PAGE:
Managing Power Load: Importance of RCCB and Types of Residual Current Devices


Eventually, electricity is becoming a vital component of everybody’s lives, however, it comes with dangers to equipment and human life. Therefore, one cannot be careless when it comes to safeguarding equipment. Fire and electrocution are the two key risks related to electricity. 

RCCB (Residual Current Circuit Breaker) is a key safety measure when it comes to electrical circuits’ stability. RCCB is a current sensing device that can measure and disconnect automatically any circuit in a situation of a fault that occurs in a certain circuit or in case the current crosses the pre-set/rated sensitivity.  

An RCCB aids in protecting an individual from fatal electric shocks, besides fire and electrocutions. In addition, RCCBs are effective in case of an abrupt earth fault. The functioning of RCCB ensures that in cases like these, the electric circuit will swiftly trip, thus, safeguarding the person from an electric shock.  

RCCB operates on Kirchhoff’s law’s principle, which states that incoming current and outgoing current must be equal to each other. Therefore, an RCCB measures the underlying difference between the neutral and live wires. Ideally, the current that is flowing from the live wire to the circuit should equal the current flowing in the neutral wire. However, in case of any fault, the current flowing through the neutral wire is lowered, and the differential between the two would be referred to as residual current. And, after detection of a residual current, an RCCB is incorporated to trip off the circuit.  

The IEC 60755 standard broadly defines 4 types of Residual Current Devices for different AC applications. Each of these types of RCDs addresses different combinations, types, residual current waveforms etc.  

  • AC Type 

AC type of RCDs are normally used in cases wherein the fault current is expected to be at a similar frequency as the supply and sinusoidal. AC type RCDs are used for general purposes in a number of countries; for example, when a fault occurs in the supply conductors or maybe when the load is linear or resistive.  

  • A Type 

A few types of loads, like the ones having single-phase rectifying circuits, such as a heating plate, might create a pulsating residual current (DC). And, for such applications, A Type RCD would be required that can detect the type of residual current. These RCDs can even withstand a ‘smooth’ superimposed DC current up to 6 mA. Like AC type RCD, even A-type RCD can detect sinusoidal currents.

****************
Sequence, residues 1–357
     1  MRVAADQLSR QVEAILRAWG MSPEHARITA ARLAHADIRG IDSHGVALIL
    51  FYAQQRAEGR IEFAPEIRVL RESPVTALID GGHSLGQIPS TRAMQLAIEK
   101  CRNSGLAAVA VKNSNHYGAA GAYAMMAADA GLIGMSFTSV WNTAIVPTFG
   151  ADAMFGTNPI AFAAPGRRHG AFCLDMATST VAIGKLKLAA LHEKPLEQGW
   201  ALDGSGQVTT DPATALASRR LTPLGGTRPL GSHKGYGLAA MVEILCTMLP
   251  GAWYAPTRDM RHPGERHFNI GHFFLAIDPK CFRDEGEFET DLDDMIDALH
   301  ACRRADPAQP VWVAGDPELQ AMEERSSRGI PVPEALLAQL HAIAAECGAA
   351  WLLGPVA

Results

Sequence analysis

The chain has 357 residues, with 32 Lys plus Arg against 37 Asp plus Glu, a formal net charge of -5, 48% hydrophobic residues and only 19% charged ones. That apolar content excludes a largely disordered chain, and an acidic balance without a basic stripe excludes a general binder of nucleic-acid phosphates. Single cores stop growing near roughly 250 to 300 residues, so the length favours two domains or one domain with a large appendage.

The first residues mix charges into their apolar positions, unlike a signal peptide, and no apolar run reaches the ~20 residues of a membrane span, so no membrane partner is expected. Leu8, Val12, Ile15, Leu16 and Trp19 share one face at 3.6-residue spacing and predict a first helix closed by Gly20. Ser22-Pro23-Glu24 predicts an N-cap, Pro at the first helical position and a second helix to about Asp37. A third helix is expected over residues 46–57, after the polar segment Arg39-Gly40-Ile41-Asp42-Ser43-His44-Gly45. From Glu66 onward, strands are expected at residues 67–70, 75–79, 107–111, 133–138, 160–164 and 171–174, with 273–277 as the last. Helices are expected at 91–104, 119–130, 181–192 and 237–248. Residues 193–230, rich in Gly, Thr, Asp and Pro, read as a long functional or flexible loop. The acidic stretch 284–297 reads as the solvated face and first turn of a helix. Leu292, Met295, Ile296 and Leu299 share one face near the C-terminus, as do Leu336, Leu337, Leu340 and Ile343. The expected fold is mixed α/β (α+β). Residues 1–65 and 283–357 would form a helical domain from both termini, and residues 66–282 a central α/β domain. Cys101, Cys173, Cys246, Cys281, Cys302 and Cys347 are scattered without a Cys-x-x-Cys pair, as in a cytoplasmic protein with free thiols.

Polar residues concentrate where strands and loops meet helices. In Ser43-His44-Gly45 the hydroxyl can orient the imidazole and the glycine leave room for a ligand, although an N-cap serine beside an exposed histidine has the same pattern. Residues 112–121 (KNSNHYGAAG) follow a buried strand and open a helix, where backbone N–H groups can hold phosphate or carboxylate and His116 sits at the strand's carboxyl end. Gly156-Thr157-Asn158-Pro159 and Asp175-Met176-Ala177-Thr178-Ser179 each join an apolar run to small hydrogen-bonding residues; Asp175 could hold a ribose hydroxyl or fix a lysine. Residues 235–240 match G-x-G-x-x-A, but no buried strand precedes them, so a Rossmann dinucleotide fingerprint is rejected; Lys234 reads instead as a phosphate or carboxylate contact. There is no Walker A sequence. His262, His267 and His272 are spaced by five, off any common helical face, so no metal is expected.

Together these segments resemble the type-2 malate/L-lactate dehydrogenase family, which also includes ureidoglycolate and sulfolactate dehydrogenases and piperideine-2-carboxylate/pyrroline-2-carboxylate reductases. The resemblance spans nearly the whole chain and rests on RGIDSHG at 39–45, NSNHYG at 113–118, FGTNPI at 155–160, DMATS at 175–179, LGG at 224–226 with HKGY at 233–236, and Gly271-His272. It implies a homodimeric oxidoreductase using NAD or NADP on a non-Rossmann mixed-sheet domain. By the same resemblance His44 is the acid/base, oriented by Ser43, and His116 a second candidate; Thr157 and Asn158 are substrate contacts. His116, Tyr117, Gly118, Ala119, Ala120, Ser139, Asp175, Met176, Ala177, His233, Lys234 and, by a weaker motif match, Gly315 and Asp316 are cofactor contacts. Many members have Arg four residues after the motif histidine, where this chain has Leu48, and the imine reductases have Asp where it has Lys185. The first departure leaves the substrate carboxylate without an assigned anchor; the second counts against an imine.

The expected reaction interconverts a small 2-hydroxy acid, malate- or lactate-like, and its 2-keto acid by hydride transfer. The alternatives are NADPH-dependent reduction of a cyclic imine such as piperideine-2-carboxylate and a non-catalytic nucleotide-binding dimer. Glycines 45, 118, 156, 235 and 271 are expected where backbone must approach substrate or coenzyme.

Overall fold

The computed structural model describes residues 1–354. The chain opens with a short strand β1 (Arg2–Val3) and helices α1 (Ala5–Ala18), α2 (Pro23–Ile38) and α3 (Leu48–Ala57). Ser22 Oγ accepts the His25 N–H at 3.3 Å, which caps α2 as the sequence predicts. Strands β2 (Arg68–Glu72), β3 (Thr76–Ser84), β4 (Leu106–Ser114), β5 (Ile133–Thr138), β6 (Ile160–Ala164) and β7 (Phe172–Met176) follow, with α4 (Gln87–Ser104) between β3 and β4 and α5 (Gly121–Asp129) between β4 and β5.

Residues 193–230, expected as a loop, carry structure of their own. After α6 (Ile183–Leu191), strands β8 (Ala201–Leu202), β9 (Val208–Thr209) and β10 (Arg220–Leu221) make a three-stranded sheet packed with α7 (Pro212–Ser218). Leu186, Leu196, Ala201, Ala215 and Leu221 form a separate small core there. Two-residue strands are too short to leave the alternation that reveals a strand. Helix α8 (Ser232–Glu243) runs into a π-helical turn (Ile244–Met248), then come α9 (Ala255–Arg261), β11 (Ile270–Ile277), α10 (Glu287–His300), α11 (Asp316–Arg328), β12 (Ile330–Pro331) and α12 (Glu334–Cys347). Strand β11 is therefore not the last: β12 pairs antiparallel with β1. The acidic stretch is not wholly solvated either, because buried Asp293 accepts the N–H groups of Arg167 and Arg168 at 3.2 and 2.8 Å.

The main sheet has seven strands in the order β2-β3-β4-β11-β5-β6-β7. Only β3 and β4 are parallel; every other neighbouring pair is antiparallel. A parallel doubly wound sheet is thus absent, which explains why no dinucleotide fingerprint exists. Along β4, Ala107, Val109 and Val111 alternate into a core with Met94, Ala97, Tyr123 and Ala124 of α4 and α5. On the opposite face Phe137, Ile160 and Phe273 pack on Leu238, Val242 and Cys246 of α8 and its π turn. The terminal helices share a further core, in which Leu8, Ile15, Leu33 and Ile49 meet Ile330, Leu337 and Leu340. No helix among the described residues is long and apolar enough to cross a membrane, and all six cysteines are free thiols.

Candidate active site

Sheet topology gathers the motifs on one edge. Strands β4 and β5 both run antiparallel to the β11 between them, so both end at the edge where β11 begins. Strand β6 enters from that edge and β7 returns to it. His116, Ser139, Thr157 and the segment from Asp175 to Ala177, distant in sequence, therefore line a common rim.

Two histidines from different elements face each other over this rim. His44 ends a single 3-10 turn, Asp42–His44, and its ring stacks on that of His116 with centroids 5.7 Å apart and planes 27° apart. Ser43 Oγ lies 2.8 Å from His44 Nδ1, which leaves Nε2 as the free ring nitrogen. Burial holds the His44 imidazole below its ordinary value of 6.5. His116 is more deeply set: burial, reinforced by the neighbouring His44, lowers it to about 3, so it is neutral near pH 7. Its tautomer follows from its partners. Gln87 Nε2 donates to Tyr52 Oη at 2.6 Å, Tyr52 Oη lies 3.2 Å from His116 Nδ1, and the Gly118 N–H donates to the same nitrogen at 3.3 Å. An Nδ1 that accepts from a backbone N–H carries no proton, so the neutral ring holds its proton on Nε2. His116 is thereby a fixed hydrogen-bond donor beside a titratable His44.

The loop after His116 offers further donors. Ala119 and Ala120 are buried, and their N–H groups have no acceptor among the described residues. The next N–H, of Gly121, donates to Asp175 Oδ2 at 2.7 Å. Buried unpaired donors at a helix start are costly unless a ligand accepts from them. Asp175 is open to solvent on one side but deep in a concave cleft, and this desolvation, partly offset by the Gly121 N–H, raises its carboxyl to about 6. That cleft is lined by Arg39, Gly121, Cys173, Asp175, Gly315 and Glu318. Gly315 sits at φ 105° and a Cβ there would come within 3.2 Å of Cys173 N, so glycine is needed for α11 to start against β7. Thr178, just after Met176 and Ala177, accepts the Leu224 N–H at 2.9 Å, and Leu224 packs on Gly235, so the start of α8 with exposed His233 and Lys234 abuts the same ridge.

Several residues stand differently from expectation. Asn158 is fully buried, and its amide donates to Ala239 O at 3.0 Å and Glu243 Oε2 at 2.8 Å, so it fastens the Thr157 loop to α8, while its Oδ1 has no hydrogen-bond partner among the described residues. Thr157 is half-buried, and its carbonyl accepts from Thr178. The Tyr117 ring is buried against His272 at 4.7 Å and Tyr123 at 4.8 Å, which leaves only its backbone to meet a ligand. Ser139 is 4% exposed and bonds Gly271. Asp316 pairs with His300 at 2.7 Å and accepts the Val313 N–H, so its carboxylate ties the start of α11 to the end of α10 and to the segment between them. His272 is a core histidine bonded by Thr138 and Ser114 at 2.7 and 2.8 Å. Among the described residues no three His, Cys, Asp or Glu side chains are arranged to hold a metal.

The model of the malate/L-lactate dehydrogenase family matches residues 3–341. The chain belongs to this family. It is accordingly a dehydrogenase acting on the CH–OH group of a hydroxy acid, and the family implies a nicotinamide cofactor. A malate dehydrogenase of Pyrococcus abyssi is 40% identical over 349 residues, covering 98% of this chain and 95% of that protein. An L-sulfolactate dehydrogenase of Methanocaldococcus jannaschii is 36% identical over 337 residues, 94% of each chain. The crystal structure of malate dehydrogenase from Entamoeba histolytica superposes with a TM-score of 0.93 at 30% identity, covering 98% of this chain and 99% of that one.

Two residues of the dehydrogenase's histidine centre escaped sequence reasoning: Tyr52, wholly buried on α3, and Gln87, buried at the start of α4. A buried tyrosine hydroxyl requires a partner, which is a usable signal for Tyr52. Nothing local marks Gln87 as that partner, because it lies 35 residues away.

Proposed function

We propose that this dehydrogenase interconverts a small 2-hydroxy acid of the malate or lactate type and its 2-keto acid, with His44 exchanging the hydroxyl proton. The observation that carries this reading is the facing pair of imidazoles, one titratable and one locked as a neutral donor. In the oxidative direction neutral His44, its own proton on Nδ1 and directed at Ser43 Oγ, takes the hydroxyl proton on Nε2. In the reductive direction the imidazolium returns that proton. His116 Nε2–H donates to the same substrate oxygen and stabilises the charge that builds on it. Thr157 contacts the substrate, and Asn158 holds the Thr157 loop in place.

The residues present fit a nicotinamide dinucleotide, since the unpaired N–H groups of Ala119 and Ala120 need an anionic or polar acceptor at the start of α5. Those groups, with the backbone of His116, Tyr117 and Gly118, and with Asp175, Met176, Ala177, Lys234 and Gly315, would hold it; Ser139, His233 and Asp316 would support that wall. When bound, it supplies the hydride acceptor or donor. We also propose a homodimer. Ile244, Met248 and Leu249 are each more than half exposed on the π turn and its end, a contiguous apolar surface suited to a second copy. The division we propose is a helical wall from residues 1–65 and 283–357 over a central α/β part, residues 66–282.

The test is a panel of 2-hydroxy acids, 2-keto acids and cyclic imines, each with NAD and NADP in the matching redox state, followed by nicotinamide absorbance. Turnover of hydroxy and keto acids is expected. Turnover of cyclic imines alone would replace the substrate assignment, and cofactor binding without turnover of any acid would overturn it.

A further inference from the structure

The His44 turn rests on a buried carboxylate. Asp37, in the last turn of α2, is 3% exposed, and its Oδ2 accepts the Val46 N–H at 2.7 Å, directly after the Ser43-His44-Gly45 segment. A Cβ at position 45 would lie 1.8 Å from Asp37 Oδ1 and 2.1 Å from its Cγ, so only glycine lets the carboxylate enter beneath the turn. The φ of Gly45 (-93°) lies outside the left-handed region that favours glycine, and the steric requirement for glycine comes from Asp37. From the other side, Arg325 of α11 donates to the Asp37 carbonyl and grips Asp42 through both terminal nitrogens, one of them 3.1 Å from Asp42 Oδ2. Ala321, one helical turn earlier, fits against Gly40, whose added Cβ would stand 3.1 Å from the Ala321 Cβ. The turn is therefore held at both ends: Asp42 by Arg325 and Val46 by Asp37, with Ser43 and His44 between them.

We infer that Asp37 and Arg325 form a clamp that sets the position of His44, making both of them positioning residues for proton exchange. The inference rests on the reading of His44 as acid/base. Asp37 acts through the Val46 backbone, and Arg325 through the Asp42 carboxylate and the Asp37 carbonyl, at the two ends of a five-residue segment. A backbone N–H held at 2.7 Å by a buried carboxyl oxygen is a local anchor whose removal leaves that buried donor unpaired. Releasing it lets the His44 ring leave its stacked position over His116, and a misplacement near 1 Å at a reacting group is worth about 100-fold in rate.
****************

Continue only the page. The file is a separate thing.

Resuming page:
• F Type 

A few applications might have composite residual currents up to 1000 hz. For say, circuits with variable speed-drive controlled single-phase motors, like an air conditioner or a heat pump. For such applications, F type RCD would be required. These RCDs would be able to withstand smooth superimposed DC residual current ranging up to 10mA. In addition, Type F RCDs can also help in detecting all the residual currents as detected by A type RCDs.  

  • Type B 

Circuits having variable-speed drive controlled 3-phase motor includes pumps, air conditioners, electric vehicle chargers, medical equipment that would require high precision movement, etc. In such cases, the residual current frequency might be greater than 50-60 Hz and non-sinusoidal components, waveforms produced from the six-pulse-bridge rectifying circuit, etc. In such a case, RCD of Type B would be needed. However, like F type RCD, even Type B can easily withstand smooth superimposed DC residual current up to a range of 10 mA and detect all types of residual current that are detected by F Type.  

Depending on your application, you can choose from a range of add-on devices to complete RCCBs, including Type SI and Type B models. However, it might be challenging to decide a suitable type for your operations; therefore, it is advisable to consult an expert before selecting an appropriate type of RCD.